“These drastic proposed cuts are frankly heartbreaking and, if carried out, would cause us to lose many good people who contribute greatly to O.N.D.C.P.’s mission and core activities,” Mr. Baum wrote. “I don’t want to see this happen.”
In March, the White House announced plans to set up a commission to address the country’s opioid crisis. The drug control office was asked by the president to help support the commission’s efforts, and Mr. Baum said that the cuts appeared to be at odds with that plan.
The Trump administration released a “skinny budget” in March that asked for deep cuts to domestic programs in exchange for a big increase in military spending, but did not detail the plans for the White House’s drug office. A more comprehensive budget will be released this month.
John Czwartacki, a spokesman for the Office of Management and Budget, said in a statement, “The FY 18 budget is still under review and is not by any means a finalized document. Reports that suggest budgetary numbers or policy decisions are premature and subject to change the before the late May publication of the budget.”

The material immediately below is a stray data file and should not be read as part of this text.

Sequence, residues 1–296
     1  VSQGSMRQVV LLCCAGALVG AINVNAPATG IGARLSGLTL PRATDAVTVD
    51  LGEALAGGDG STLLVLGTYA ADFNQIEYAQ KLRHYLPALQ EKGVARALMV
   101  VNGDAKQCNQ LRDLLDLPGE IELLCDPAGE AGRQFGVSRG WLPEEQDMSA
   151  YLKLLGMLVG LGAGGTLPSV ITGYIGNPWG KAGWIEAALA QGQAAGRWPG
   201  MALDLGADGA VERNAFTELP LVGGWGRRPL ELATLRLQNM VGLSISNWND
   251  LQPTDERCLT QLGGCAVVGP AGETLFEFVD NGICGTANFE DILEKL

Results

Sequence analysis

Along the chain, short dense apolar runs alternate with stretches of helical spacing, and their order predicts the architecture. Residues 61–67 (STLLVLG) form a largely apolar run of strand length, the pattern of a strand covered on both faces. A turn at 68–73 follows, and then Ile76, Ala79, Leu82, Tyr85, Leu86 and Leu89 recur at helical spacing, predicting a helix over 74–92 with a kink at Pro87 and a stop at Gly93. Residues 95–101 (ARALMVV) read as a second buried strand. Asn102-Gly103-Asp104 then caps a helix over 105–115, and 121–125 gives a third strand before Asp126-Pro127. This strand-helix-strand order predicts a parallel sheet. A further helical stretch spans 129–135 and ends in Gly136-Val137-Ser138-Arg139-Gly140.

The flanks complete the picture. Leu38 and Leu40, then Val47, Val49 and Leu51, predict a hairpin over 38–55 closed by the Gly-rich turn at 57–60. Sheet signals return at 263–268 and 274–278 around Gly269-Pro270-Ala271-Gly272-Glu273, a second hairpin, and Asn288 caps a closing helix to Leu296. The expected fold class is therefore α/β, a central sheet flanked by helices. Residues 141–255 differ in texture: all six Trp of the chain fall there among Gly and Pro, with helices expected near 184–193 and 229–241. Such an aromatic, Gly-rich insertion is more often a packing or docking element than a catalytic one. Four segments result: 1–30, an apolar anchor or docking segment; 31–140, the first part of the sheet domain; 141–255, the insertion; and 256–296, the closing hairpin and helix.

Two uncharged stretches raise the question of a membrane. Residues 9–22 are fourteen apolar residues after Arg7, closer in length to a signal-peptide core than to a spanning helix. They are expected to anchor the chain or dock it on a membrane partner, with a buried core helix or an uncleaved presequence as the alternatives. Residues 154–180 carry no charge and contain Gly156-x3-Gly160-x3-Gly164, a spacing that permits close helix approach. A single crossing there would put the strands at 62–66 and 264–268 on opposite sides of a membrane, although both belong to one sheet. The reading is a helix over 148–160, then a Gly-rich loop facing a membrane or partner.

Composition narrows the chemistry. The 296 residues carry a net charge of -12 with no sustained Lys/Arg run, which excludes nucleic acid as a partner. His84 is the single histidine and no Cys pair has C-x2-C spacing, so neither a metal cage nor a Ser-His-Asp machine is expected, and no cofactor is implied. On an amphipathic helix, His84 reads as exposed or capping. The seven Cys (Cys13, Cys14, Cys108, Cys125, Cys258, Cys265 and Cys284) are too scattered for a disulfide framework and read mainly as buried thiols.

The drug control office was planning to have a staff meeting on Monday to discuss the cuts.
When he was running for office, Mr. Trump talked regularly about the country’s drug addiction problem and said drugs were a reason that a wall was needed along the border with Mexico.
“We’re going to take all of these kids — and people, not just kids — that are totally addicted and they can’t break it,” Mr. Trump said at a campaign event in Ohio last year. “We’re going to work with them, we’re going to spend the money, we’re going get that habit broken.”
A coalition of groups dedicated to combating substance abuse circulated a letter to send to the White House on Friday condemning the cuts. “This proposed budget not only fails to live up to the president’s vision, it also sends the wrong message about the social and economic harms that drug supply and demand inflict on our nation,” they wrote.
Kevin Sabet, president of Smart Approaches to Marijuana, who advised three former presidents on drug policy, said he was stumped by Mr. Trump’s decision to make cuts to his drug office. “It felt like a sucker punch in the face,” Mr. Sabet said after word trickled out about the cuts on Friday morning. “This is a time when we have one of the largest opioid epidemics in history and the rise of new industry of people selling pot candy to kids.”
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